Someone shoot me if I ever use the term NP-complete in a sentence. Or at least if I ever use the term in a conversation with “civilians.”

Such is the dilemma of reading and reviewing a wonderful book like Lance Fortnow’s The Golden Ticket: P, NP, and the Search for the Impossible. I’ll be tempted to start throwing around terms that Fortnow has explained so well and so clearly. A temptation I should resist. Instead I should recommend this book.

Anyways, what’s the book about? As the title indicates, the purpose is to explain to a popular audience the computer science concept of P vs. NP, in other words is P = NP or is P != NP.

Yeah, not helpful put that way.

A rather nice explanation from the jacket blurb:

The P-NP problem is the most important open problem in computer science, if not all of mathematics. Simply stated, it asks whether every problem whose solution can be quickly checked by computer can also be quickly solved by computer.

And from page ix:

P refers to the problems we can solve quickly using computers. NP refers to the problems to which we would like to find the best solutions. If P = NP, then we can easily find the solution to every problem we would like to solve….If P != NP, by contrast, then there are some problems we cannot hope to solve quickly.

And Fortnow takes it from there, sketching the history of the P vs NP pursuit since it was first formulated in the 1970s up until the present. He also sketches out a bit of a utopian vision of how society would change, how it would become what he calls a beautiful world, if P = NP. If we can know for sure that all problems ultimately have fast solutions, then it’s only a matter of time before we discover them. And solve all our problems.

However, Fortnow doesn’t think that P = NP. He thinks that there is no possible ultimate beautiful world, but that we will have to strive to find “good enough” solutions to those hard problems. And yes, he does talk about what those hard problems are in theoretical computer science and how they affect our everyday lives. Cryptography is perhaps the most well-known application area for those hard problems. Fortnow doesn’t think we are anywhere near to solving P vs NP, that we may even be hundreds of years away. Or that we may never solve it.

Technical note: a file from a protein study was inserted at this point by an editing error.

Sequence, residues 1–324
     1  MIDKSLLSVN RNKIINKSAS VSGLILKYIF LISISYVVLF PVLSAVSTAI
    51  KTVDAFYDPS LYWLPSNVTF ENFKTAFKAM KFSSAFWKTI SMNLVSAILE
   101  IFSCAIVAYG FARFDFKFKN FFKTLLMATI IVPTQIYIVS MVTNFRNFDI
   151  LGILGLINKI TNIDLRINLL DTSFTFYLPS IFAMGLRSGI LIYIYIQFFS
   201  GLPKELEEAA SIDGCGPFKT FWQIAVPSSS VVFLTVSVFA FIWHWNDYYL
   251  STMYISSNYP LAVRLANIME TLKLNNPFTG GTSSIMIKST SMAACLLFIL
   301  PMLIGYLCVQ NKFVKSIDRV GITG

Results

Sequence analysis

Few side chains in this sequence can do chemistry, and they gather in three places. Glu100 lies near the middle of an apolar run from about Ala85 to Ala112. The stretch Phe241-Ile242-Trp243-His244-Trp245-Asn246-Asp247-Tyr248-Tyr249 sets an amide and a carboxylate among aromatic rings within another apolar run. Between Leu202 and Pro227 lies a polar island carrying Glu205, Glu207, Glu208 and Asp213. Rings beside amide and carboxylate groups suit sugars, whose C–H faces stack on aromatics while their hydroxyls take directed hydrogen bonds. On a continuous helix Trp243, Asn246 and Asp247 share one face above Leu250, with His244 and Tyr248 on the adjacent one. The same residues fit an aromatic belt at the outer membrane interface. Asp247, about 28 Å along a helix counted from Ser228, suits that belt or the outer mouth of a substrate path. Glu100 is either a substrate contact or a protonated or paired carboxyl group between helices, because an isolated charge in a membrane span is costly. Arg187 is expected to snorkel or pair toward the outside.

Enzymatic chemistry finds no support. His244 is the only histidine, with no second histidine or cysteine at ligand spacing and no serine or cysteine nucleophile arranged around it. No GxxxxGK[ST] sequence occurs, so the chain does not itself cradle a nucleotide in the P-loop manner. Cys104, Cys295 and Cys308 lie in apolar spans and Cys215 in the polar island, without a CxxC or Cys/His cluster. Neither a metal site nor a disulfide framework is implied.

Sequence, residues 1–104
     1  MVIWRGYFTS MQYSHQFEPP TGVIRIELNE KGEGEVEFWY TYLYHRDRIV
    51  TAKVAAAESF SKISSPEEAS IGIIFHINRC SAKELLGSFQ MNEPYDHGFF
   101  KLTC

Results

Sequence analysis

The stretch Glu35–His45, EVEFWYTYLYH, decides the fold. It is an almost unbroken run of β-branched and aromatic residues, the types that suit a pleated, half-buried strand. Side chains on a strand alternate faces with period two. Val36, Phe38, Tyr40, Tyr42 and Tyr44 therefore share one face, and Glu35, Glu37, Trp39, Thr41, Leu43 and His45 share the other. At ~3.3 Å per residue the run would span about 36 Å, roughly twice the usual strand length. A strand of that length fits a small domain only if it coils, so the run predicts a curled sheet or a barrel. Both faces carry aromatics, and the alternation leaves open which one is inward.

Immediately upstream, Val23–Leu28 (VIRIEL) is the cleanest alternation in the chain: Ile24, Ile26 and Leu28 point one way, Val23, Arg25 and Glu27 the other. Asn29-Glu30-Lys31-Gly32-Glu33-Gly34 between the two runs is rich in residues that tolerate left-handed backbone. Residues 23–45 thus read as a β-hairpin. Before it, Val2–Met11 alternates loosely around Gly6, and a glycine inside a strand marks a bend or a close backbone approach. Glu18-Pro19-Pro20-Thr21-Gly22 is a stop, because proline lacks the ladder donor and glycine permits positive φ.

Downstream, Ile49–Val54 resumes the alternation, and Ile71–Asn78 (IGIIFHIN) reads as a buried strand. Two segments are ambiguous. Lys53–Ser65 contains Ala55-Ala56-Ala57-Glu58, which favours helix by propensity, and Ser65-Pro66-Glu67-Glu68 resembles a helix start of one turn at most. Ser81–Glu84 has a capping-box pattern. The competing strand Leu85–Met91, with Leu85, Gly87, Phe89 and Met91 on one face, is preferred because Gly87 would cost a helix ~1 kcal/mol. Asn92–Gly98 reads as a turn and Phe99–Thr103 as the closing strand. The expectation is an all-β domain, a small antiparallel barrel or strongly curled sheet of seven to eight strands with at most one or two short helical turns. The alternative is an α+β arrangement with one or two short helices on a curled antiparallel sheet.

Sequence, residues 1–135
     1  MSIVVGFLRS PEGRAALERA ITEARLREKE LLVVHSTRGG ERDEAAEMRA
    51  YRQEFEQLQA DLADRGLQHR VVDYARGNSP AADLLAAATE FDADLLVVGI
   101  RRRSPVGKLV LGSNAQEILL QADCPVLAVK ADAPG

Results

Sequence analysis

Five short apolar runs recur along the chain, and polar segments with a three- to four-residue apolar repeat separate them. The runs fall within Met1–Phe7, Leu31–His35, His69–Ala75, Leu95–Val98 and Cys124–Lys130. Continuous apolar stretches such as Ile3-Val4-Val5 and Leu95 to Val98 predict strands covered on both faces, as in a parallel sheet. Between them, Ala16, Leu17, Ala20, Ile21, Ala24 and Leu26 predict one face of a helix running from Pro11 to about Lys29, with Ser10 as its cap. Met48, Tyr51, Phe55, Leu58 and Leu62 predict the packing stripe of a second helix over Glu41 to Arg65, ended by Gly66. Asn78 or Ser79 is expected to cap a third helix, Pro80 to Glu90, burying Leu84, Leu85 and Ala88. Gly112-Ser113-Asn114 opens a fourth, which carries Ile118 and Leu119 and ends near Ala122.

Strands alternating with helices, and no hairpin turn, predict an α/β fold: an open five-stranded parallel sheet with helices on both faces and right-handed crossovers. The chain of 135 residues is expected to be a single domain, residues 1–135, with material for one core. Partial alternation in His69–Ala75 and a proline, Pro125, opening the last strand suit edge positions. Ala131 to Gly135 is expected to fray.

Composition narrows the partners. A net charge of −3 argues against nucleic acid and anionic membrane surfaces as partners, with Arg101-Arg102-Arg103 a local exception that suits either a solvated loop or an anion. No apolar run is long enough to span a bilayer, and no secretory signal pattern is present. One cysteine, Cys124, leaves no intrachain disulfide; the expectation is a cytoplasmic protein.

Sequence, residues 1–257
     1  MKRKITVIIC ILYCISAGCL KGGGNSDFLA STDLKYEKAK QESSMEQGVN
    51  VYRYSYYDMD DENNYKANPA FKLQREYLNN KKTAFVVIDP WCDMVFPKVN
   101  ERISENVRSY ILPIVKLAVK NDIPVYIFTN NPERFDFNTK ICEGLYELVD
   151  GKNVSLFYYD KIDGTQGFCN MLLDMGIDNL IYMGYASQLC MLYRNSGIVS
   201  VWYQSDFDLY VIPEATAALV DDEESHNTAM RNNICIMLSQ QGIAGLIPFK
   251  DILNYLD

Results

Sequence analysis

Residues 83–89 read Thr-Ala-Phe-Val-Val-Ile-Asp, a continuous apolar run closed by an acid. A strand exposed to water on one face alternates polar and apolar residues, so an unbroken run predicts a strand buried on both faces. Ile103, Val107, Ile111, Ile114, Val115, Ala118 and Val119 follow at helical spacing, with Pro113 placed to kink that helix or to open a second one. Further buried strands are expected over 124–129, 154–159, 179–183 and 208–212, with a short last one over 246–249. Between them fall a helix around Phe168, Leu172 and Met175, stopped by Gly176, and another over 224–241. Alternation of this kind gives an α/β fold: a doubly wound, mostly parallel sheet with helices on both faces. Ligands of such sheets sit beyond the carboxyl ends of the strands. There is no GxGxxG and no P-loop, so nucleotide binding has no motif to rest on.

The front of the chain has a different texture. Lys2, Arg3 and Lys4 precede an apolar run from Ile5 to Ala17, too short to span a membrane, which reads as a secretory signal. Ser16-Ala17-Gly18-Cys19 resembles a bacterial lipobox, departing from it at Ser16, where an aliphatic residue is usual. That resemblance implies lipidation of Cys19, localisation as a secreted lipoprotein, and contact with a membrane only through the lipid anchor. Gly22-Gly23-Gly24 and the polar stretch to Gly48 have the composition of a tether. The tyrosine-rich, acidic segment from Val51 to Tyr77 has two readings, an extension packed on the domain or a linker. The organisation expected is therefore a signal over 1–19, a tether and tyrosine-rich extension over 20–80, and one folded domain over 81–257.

Overall a fine book. Comparable in level to a physics book by say, Sean Carroll or Lee Smolin. In other words, you will have to challenge your mind a little to grasp every example and problem description. I would recommend the book for any academic library collection collects popular science. In particular, since there seems to be fewer popular computer science books than other fields, Fortnow’s book fills a gap. I would normally not suggest this type of book for smallish public libraries, but again it does fill that gap. As for school libraries, mathematically gifted students at the high school level would find a lot to love about this book.

At the end of the day, it’s also wonderful to see a computer science book that thanks the library for its print and digital collections in the Acknowledgements. Thanks for the hat tip, Lance, we appreciate it. And thanks for the nice bibliography of sources worth checking out.

Fortnow, Lance. The Golden Ticket: P, NP, and the Search for the Impossible. Princeton: Princeton University Press, 2013. 176pp. ISBN-13: 978-0691156491

(Review copy provided by publisher)